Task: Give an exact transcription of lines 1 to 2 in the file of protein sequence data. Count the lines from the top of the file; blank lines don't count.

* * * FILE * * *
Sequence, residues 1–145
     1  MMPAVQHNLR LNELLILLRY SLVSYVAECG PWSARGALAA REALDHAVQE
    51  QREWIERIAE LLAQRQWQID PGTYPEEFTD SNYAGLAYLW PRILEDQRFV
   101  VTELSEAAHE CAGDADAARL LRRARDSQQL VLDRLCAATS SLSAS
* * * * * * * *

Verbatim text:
Sequence, residues 1–145
     1  MMPAVQHNLR LNELLILLRY SLVSYVAECG PWSARGALAA REALDHAVQE